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Mol. Cell. Biol. 20 (18): 6686-6694

Copyright © 2000 by the American Society for Microbiology. All rights reserved.

Molecular and Cellular Biology, September 2000, p. 6686-6694, Vol. 20, No. 18
0270-7306/00/$04.00+0
Copyright © 2000, American Society for Microbiology. All rights reserved.

A Homolog of Voltage-Gated Ca2+ Channels Stimulated by Depletion of Secretory Ca2+ in Yeast

Emily G. Locke, Myriam Bonilla, Linda Liang, Yoko Takita, and Kyle W. Cunningham*

Department of Biology, Johns Hopkins University, Baltimore, Maryland 21218

Received 10 May 2000/Accepted 16 June 2000

In animal cells, capacitative calcium entry (CCE) mechanisms become activated specifically in response to depletion of calcium ions (Ca2+) from secretory organelles. CCE serves to replenish those organelles and to enhance signaling pathways that respond to elevated free Ca2+ concentrations in the cytoplasm. The mechanism of CCE regulation is not understood because few of its essential components have been identified. We show here for the first time that the budding yeast Saccharomyces cerevisiae employs a CCE-like mechanism to refill Ca2+ stores within the secretory pathway. Mutants lacking Pmr1p, a conserved Ca2+ pump in the secretory pathway, exhibit higher rates of Ca2+ influx relative to wild-type cells due to the stimulation of a high-affinity Ca2+ uptake system. Stimulation of this Ca2+ uptake system was blocked in pmr1 mutants by expression of mammalian SERCA pumps. The high-affinity Ca2+ uptake system was also stimulated in wild-type cells overexpressing vacuolar Ca2+ transporters that competed with Pmr1p for substrate. A screen for yeast mutants specifically defective in the high-affinity Ca2+ uptake system revealed two genes, CCH1 and MID1, previously implicated in Ca2+ influx in response to mating pheromones. Cch1p and Mid1p were localized to the plasma membrane, coimmunoprecipitated from solubilized membranes, and shown to function together within a single pathway that ensures that adequate levels of Ca2+ are supplied to Pmr1p to sustain secretion and growth. Expression of Cch1p and Mid1p was not affected in pmr1 mutants. The evidence supports the hypothesis that yeast maintains a homeostatic mechanism related to CCE in mammalian cells. The homology between Cch1p and the catalytic subunit of voltage-gated Ca2+ channels raises the possibility that in some circumstances CCE in animal cells may involve homologs of Cch1p and a conserved regulatory mechanism.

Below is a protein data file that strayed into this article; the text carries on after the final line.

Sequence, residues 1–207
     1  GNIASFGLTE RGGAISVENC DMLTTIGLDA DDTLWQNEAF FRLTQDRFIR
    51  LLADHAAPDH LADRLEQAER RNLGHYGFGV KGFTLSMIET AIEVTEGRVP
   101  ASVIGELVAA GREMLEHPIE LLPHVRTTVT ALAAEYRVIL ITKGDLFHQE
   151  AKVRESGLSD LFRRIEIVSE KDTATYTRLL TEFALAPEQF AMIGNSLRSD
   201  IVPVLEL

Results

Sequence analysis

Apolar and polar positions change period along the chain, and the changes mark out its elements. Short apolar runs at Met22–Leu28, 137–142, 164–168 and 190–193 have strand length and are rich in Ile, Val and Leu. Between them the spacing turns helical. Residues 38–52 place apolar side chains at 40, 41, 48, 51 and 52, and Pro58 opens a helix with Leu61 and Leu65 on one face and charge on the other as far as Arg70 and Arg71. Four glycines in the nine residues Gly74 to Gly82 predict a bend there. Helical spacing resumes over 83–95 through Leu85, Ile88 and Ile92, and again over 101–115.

* Corresponding author. Mailing address: Department of Biology, Johns Hopkins University, 3400 N. Charles St., Baltimore, MD 21218. Phone: (410) 516-7844. Fax: (410) 516-5213. E-mail: kwc{at}jhu.edu.


Molecular and Cellular Biology, September 2000, p. 6686-6694, Vol. 20, No. 18
0270-7306/00/$04.00+0
Copyright © 2000, American Society for Microbiology. All rights reserved.

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